Down through the ages, young men have tried to drink as much booze as they can to be ready for a confrontation with the mystery and adventure of sex with a woman. Many movies about this theme have focused on male camaraderie on this quest, including American Graffiti, Dazed and Confused, and American Pie. Every year the screenplays seem to get raunchier and raunchier. This is certainly true of the latest entry into the field, Superbad, directed by Greg Mottola (The Daytrippers). It has moments of hilarity and also a few quite affecting emotional scenes. But the audience for this comedy is definitely young and male.

Seth (Jonah Hill) is an overweight loudmouth whose only friend is the quiet, serious, and shy Evan (Michael Cera). They are both in their last year of high school and want to get laid before they head off to separate colleges. Seth is miffed that Evan got into Dartmouth and he didn't. Perhaps that is what is driving him to have some fun. He is obsessed with sex and can't stop talking or thinking about it. When Jules (Emma Stone), a popular girl, invites him to a party at her house and gives him $100 to buy some booze, he is in seventh heaven. Seth is convinced that he can have sex with her at the party. Evan makes sure that Becca (Martha MacIssac), the girl who turns him on, will be there as well.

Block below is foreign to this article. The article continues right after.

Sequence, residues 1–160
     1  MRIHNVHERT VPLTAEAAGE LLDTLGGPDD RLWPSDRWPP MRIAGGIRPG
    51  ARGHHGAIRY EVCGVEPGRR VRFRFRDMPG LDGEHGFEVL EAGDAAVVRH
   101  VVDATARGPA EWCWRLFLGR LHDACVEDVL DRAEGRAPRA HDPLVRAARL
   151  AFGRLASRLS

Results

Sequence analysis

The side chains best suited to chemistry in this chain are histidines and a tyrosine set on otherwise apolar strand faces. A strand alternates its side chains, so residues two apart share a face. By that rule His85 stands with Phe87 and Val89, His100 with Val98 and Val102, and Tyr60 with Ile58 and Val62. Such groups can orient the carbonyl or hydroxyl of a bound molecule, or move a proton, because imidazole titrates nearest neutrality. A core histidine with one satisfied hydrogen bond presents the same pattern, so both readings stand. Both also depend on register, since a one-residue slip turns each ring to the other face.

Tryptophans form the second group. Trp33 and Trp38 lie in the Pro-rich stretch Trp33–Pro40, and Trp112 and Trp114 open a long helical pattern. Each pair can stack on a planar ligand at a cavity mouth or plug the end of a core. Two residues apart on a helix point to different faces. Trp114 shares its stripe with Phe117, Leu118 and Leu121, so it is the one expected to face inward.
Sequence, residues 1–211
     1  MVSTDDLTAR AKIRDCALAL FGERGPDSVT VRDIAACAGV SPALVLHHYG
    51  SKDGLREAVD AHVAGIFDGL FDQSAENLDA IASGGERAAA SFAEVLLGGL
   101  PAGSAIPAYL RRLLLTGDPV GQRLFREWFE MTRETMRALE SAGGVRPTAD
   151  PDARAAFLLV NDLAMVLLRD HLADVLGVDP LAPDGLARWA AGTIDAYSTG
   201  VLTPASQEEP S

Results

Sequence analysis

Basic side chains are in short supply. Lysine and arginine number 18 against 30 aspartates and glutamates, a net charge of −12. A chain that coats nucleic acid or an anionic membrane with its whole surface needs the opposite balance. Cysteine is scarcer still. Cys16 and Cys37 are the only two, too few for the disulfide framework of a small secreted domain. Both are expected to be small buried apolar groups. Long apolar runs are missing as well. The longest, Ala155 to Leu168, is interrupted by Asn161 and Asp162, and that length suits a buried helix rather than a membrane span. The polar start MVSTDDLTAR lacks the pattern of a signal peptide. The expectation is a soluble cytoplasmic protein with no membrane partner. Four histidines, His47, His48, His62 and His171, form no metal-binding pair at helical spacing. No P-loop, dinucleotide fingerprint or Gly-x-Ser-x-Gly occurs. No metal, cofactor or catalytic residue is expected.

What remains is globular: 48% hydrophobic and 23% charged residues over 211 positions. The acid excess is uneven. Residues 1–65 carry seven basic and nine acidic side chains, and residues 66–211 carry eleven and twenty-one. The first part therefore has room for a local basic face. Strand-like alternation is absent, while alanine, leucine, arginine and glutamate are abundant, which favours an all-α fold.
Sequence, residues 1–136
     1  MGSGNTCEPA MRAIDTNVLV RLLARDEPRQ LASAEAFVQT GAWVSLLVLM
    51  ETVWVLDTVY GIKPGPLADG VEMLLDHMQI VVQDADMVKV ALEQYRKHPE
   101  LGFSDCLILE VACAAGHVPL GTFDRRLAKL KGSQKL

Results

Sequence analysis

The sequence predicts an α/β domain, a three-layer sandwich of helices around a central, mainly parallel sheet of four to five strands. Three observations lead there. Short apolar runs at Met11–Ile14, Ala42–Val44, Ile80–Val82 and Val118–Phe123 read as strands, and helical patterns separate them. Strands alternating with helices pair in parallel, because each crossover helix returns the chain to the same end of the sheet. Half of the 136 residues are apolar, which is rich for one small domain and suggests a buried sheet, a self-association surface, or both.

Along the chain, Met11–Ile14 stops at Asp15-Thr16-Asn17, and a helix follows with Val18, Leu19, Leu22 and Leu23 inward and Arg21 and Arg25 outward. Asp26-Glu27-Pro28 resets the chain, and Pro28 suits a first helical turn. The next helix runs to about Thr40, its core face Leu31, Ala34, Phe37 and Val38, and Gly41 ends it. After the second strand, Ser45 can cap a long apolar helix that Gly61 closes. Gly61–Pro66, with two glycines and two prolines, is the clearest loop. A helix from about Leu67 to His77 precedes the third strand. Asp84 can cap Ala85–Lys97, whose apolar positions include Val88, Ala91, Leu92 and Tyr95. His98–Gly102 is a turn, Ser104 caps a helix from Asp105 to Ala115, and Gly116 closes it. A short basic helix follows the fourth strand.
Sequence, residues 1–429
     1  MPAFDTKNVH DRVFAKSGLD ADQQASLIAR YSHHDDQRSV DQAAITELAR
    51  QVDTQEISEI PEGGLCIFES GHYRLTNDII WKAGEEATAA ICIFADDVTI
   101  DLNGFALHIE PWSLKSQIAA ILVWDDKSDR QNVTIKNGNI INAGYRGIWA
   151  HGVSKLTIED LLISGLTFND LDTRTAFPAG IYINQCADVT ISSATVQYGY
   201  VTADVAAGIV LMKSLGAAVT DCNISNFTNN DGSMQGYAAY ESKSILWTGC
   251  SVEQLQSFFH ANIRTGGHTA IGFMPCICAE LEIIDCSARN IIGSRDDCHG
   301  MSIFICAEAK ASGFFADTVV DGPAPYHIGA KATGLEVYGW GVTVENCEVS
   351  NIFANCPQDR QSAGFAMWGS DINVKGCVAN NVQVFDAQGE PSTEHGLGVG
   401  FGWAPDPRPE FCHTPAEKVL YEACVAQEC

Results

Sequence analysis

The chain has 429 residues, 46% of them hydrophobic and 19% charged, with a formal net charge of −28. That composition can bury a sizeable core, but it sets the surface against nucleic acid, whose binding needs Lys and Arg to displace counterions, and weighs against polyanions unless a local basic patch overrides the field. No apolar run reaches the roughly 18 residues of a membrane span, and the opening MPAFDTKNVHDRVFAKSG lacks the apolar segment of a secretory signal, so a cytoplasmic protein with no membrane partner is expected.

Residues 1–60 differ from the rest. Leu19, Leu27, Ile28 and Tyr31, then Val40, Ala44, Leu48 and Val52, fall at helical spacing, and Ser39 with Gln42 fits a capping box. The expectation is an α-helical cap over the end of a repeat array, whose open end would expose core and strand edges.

The key to pulling off the big adventure is Fogell (Christopher Mintz-Plasse), a nerdy buddy of Evan's whom Seth can't stand. Since he has just gotten a fake ID, he is given a list of liquors to purchase. Only trouble is that the liquor store is robbed while he is there and two policemen (Bill Hader and Seth Rogen) show up. They volunteer to take Fogell to the party but are detoured along the way. Meanwhile, Seth and Evan wind up at another party and run into trouble with some cocaine sniffing rowdies. Finally, all three high school boys arrive at Jules' place and have their own special encounters with the opposite sex.

The screenplay by Seth Rogen and Goldberg starts out presenting the familiar humiliations of two losers but ends up in a very different place. The bond between the two boys is based on Evan's enjoyment of Seth's outspokenness. Both of them are scared to death of women and feel inadequate in their presence, no matter how hard they try. What they do share is a platonic love for each other and to see them say the words is the most startling moment in the movie. In Superbad, all the raunchiness is just a cover for deep feelings of friendship that are too bewildering to admit or to explore further.

Special DVD features include: additional unrated footage; an audio commentary; behind the scenes The Making of Superbad; deleted and extended scenes; Featurettes: 1. Line-o-rama, 2. Cop Car Confessions - Ride along with Clark County's Finest, 3. Original Table Read 2002 with Seth Rogan, 4. Pineapple Express - Exclusive First Look, 5. Cast Audition Footage, 6. Press Junket Meltdown, 7. The Music of Superbad, 8. Everyone Hates Michael Cera, and 9. On-Set Diaries; and a gag reel.